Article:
Monday, June 30, 2014

China's Second Continent

During my 2006 study tour to Cape Verde, my students, colleagues, and I had many privileges, including a meeting with the U.S. Ambassador Roger Pierce and a tour of the Presidential Palace before meeting with President Pedro Pires. I remember our group of 30 being a tight fit in the embassy and having much more room to room in the palace. It was a palace, after all, so this was not surprising. We did not visit the Chinese embassy, but driving by I remember being impressed -- it was bigger than the other two buildings combined, and was among the largest buildings in the country.
I had proposed the course in response to news that Cape Verde was the first recipient of the U.S.-funded Millenium Challenge Grants, which were short-term infusions of aid intended to help countries rapidly improve their economies. I was -- and remain -- most interested in seeing what we could learn about the social and environmental sustainability of such rapid development. During the travel course, we also visited a relatively small-scale irrigation project that was part of a plan to increase the food security of the country. At the top of the dam was a pagoda, signifying and celebrating Chinese involvement in the project.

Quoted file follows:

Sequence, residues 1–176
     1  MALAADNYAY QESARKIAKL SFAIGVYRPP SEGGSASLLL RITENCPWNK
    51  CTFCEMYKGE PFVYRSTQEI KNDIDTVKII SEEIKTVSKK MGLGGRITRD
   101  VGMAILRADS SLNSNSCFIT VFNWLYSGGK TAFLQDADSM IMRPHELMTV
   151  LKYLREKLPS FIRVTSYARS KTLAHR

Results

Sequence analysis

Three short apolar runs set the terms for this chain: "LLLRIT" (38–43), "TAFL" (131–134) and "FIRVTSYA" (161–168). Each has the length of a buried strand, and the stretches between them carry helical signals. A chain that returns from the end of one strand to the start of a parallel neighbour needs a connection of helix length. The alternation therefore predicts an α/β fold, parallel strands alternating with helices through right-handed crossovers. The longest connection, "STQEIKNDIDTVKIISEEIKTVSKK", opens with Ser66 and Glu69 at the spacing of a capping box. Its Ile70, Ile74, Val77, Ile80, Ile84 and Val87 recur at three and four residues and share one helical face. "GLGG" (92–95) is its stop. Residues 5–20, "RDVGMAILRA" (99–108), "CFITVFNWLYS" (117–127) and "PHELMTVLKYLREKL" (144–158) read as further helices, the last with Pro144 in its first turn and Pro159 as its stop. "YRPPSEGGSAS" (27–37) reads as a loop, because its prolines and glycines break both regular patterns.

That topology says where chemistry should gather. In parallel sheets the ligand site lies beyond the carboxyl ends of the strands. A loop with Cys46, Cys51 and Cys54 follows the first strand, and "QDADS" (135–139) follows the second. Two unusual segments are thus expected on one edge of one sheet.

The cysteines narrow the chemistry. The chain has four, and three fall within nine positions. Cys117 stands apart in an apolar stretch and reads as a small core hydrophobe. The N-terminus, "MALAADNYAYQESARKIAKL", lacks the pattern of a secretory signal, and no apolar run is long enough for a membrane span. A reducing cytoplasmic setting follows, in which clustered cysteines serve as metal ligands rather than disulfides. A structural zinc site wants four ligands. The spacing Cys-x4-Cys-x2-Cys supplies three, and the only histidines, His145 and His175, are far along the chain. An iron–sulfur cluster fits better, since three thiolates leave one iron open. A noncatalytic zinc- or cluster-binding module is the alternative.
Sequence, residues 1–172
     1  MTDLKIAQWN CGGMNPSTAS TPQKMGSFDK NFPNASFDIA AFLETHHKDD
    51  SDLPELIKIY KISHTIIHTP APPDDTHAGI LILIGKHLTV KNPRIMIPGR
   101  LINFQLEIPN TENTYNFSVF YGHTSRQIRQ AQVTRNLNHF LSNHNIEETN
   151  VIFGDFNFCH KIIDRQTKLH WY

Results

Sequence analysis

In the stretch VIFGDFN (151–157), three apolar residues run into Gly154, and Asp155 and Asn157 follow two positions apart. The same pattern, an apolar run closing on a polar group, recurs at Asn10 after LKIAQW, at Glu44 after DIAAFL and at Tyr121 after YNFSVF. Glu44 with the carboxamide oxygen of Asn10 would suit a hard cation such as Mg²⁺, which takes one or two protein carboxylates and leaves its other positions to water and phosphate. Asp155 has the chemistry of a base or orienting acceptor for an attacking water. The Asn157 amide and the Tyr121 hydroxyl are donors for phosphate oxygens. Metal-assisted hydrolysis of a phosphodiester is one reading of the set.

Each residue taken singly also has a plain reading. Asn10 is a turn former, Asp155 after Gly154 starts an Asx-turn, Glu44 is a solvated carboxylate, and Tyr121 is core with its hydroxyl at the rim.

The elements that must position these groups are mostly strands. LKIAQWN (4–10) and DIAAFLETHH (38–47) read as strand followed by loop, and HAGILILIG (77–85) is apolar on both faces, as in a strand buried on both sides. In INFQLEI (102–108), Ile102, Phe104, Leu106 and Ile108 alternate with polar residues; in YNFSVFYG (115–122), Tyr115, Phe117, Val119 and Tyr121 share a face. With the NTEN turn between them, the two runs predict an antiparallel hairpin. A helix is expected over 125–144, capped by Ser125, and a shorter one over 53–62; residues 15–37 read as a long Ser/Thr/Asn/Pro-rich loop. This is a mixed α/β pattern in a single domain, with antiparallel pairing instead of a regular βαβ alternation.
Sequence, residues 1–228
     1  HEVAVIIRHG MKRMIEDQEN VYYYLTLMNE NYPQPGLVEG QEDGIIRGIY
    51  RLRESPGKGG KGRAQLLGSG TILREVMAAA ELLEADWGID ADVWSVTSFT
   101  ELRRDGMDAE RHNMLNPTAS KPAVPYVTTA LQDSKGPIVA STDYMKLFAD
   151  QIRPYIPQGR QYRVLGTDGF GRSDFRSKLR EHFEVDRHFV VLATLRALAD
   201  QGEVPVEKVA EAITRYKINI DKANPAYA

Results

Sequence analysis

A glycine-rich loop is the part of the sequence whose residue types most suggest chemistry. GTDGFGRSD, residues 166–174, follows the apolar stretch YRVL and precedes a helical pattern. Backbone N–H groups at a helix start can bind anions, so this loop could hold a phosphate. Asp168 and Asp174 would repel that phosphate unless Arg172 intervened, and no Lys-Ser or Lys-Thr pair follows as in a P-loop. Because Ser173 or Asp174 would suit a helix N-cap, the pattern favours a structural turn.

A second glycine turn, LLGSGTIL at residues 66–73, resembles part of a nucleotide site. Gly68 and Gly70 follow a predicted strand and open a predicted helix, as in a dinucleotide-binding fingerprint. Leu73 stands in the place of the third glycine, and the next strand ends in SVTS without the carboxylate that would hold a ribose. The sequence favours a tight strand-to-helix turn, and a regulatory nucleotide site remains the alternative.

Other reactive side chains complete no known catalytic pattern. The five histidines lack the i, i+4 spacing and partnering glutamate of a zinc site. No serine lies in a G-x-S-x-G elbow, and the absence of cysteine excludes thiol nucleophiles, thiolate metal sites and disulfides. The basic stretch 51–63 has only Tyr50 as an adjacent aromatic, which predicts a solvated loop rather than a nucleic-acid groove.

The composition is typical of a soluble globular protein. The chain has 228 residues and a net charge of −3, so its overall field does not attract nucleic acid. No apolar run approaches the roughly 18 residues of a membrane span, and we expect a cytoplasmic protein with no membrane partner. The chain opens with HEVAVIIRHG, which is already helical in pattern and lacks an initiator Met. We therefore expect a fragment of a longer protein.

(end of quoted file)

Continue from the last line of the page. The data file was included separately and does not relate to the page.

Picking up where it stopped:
Since that visit, I have heard about the steady expansion of Chinese investment throughout the continent of Africa, the most common explanations for which have been its interests in petroleum and other minerals and a general interest in expanding its geopolitical sphere of influence.

This morning I heard two additional and important explanations in an NPR story about Chinese investment in Tanzania and Zambia. Howard French indicates that Africa's growing population is seen as a desirable consumer market, whose one billion people may number two billion by the end of the century.

The author of China's Second Continent goes on to suggest something much more intriguing, though. Geographic illiteracy in the United States contributes directly to China's comparative advantage in the continent. Many of the projects funded by the United States through the Millenium Challenge Grants mentioned above are actually completed by Chinese companies because U.S. investors have so little understanding of the varied opportunities available throughout the continent. Victims of the uniformly dismal portrayals of Africa in U.S. media and publishing -- which I recently discussed in A Billion People Plus One Tree -- they do not even think to compete for work there.
There is a lot more to Africa than this tree. Thinking otherwise is an expensive form of ignorance.

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